This was meant to be a spring a post but, as you’ll see, the availability of the ingredients and the simplicity of the techniques involved make this dessert a breeze to whip up the year round. Just make sure you read the notes below the recipe.

Back in early March, Florida’s strawberry season was just rolling in. At Natural Wonders u-pick farm, the first berries were firm and seedy, a flavorful blend of sweet and tart. Not the kind of berry you enjoy right off the plant. Or out of a colander, rinsed and dried. Straight up, in other words—away with euphemisms.

Fresh Strawberries

But I kept on picking, determined to make them work. The morning was beautiful: it was warm and sunny, with a soft breeze that picked up every so often to stir up the plants and sent their tantalizing aromas my way. I knew strawberries weren’t the only forage I was going to leave with that morning though they were the focus of my trip.

A Bowl of Fresh Strawberries

As I picked berries, I was pondering their fate. Nicole was in school until early afternoon; however, I didn’t have time for anything too fancy because Mom and I had one more room to paint. We were in a hurry to get the house ready for rent before Mom had to leave for Europe in a couple of days to visit with my youngest sister who was due in early April, and before we were headed to Reno, NV.

Hydroponically-Grown Strawberries

So I decided on fruit crisp, a light and comforting dessert that was simple and quick to make. I remembered I had a few stalks of fresh rosy rhubarb in the fridge and thought it’d pair up perfectly with strawberries. All I had to do was come up with a crisp topping.

Upon coming home, though, I realized I was out of brown rice flour. There was no way I was driving to Whole Foods and making an afternoon out of this easy dessert.

Spring Sweet Treat

So I hauled out my grain mill and had freshly ground brown rice flour in minutes. I got so excited I ground some millet and steel cut oats and jasmine rice and buckwheat groats. I could’ve kept on grinding since my pantry is normally well-stocked with a variety of grains. It’s a Russian thing, I guess, since I grew up on kashas: farina, oats, buckwheat, millet, wheat, barley, rice.

Kasha is a meal prepared using any grain as the main ingredient. It is one of the basic elements of Russian food, second in importance to only bread. It can be sweet or savory, served at breakfast, as a side dish or even as a meal in itself.

Fruit Crisp

I abhorred kashas when in kindergarten, picked through them when in school, and embraced them as a mom. Many grains used to cook kasha are rich in protein, dietary fiber, and a wide range of vitamins and minerals.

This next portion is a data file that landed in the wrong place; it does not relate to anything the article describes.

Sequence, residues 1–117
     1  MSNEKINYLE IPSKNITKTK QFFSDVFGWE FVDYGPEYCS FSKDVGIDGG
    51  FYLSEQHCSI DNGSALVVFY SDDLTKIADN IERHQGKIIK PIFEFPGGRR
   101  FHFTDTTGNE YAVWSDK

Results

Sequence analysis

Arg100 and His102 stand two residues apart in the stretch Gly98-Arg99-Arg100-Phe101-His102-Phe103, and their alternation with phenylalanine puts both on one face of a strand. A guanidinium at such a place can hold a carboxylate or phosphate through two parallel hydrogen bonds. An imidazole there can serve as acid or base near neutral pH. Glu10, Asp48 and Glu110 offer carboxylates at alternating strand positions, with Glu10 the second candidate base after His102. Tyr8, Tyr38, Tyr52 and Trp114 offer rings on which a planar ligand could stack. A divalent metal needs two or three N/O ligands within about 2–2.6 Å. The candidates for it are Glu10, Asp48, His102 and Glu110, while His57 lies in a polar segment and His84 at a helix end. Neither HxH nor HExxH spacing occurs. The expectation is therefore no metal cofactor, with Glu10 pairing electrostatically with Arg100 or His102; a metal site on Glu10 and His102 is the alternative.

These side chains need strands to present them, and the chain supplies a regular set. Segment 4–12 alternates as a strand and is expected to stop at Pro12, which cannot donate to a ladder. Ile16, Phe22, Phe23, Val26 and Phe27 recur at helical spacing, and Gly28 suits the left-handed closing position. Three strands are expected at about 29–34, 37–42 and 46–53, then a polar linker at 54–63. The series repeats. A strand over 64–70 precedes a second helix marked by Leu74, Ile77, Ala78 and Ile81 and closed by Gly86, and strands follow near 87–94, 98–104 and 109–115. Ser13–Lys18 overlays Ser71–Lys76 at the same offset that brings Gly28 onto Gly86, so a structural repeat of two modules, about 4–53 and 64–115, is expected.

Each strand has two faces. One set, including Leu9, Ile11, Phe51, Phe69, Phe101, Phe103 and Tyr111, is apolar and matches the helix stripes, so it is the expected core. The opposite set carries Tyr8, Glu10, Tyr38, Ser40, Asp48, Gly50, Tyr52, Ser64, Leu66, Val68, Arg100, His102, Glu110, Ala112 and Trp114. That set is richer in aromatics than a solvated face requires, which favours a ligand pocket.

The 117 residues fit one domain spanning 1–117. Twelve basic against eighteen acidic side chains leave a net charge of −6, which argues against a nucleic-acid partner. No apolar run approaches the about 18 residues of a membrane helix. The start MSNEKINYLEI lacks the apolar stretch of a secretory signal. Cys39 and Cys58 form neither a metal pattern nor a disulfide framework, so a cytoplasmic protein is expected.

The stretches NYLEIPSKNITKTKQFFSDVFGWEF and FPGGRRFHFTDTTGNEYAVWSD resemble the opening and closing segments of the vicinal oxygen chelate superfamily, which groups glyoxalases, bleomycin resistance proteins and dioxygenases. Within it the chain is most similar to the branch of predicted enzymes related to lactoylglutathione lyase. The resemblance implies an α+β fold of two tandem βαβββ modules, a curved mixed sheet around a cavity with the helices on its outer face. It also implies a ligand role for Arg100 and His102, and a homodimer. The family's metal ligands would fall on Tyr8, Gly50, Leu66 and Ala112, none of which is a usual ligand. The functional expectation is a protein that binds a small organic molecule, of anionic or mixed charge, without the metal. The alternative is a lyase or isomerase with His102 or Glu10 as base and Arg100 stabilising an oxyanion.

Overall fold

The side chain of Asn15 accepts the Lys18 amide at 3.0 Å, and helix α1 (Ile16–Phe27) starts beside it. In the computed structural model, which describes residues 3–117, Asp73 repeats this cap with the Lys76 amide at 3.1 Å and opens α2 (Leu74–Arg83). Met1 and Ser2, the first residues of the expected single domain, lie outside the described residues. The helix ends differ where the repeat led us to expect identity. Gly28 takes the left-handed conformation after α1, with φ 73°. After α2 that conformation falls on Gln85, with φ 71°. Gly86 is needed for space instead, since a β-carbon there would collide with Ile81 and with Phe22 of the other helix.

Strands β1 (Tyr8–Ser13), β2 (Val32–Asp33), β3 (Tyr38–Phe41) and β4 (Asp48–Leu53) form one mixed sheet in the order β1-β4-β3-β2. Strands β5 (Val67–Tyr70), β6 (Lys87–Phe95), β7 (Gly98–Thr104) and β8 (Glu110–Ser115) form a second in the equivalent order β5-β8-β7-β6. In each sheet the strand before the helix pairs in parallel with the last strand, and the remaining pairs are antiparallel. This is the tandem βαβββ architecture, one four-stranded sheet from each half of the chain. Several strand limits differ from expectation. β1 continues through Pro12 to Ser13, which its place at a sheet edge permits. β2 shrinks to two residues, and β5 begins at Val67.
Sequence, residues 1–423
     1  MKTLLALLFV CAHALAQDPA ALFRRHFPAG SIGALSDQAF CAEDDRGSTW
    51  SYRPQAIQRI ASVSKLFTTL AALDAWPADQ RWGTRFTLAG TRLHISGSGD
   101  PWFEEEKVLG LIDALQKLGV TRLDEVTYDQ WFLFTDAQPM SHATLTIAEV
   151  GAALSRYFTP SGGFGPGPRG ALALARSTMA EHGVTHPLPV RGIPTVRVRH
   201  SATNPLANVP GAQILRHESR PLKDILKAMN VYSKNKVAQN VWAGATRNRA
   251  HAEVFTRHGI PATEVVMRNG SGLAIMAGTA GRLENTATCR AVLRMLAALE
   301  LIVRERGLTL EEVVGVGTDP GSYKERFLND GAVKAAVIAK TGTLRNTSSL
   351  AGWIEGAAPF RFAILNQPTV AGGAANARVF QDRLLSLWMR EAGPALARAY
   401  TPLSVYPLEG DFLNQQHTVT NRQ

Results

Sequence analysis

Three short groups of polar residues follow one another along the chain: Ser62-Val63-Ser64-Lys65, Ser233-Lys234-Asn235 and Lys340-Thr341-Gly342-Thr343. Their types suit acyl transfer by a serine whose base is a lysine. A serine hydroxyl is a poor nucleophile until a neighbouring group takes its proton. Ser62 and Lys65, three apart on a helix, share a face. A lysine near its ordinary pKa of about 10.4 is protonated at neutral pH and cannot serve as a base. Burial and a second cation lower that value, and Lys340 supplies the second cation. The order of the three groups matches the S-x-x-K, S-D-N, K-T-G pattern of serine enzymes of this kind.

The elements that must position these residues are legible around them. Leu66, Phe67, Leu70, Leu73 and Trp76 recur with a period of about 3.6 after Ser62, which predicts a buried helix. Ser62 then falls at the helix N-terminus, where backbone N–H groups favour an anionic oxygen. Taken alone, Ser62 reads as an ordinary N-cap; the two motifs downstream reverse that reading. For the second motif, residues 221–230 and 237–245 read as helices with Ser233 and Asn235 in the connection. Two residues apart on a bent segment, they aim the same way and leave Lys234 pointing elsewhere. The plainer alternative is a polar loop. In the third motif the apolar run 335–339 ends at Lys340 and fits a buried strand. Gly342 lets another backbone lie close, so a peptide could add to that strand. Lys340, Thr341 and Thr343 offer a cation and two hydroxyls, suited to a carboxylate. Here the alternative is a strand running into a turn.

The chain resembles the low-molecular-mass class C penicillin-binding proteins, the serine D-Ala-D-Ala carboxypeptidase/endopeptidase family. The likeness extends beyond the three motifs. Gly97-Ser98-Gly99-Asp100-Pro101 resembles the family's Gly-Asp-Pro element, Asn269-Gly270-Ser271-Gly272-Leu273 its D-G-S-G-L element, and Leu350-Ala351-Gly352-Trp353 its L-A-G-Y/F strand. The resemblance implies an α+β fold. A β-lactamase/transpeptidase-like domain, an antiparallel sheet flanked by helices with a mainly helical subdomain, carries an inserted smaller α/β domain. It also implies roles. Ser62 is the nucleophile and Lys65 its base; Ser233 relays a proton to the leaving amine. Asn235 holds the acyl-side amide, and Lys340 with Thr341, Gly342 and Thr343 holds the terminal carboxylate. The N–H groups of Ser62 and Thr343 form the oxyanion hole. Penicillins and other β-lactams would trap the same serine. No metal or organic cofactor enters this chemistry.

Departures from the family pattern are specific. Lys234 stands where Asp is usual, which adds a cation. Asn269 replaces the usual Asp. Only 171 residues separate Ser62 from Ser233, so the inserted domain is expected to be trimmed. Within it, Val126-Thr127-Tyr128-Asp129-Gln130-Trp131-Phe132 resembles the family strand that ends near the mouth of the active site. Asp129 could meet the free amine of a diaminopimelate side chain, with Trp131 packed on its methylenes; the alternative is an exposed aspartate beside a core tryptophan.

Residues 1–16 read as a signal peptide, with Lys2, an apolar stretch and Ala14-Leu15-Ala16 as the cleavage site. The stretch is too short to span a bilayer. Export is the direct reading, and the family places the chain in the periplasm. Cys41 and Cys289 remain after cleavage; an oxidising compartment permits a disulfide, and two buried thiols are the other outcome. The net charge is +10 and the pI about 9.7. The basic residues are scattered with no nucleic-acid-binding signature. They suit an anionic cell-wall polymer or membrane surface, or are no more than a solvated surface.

Quick and Easy Dessert

To make a long story short, I literally had to pull myself away from the mill when Mom showed up in the kitchen, tiny specks of white paint on her clothes and face, and told me she needed me on a step stool reaching for the ceiling.

Hydroponically-Grown Berries

I quickly whipped up a topping of a mixture of brown rice, millet, and oat flours, demerara sugar, and butter. I then evenly spread it over the fruit that had been macerating in individual ramekins, placed the ramekins on a baking sheet, and carefully guided them into the oven.

Strawberry-Rhubarb Crisps

In about 30 minutes, we were taking a break from work, savoring this spring sweet treat with the stark strawberry flavor and the goodness of whole grains in every bite.

So so good.



Recipe for Strawberry-Rhubarb Crisps, adapted from The Complete Irish Pub Cookbook


1. 1 pound (450 g) fresh strawberries hulled and halved; quarter larger berries

2. 1 pound (450 g) fresh rhubarb, cut into 1-inch lengths

3. ½ cup (120 g) natural cane sugar

4. grated rind and juice of 1 orange

For the Crisp Topping:

1. ¾ cup (150 g) coarsely ground brown rice flour

2. ½ cup (120 g) coarsely ground gluten-free steel cut oats

3. ½ cup (120 g) coarsely ground millet flour

4. ½ cup (120 g) demerara or other raw sugar

5. 1/3 cup (67 g) cold unsalted butter, cut into ½-inch cubes

6. 1 teaspoon ground ginger



1. Preheat oven to 375 degrees Fahrenheit. In a large bowl, combine strawberries, rhubarb pieces, sugar, orange rind and juice; toss gently.

2. Transfer to a 2-quart baking dish or 6 10-ounce ramekins and set aside.

3. To make the crisp topping, combine flours in a medium bowl. Rub in the butter with your fingertips until the mixture resembles fine bread crumbs. Stir in the sugar and ginger. Spread evenly over the fruit and press down lightly using a fork.

4. Place the dish or the ramekins on a baking sheet in the preheated oven for 25-30 minutes or until the topping is golden brown and the fruit bubbles over.

5. Serve with yogurt, ice cream or custard.

Serves 6


1. You can use 1 3/4 cups all-purpose white or whole-wheat flour or a combination of both in place of the gluten-free ones I used.

2. If you don’t have a grain mill, you can use store-bought versions of these flours. Just use sugar with coarse crystals for crunch.

3. If you have a grain mill, grind your brown rice at the lowest grind setting; it will still have a coarser texture than commercially ground flour. Although for millet and steel cut oats, use the setting one notch below the finest.

4. Toasting millet in a heavy, dry skillet before grinding really brings out this very small grain’s unique flavor.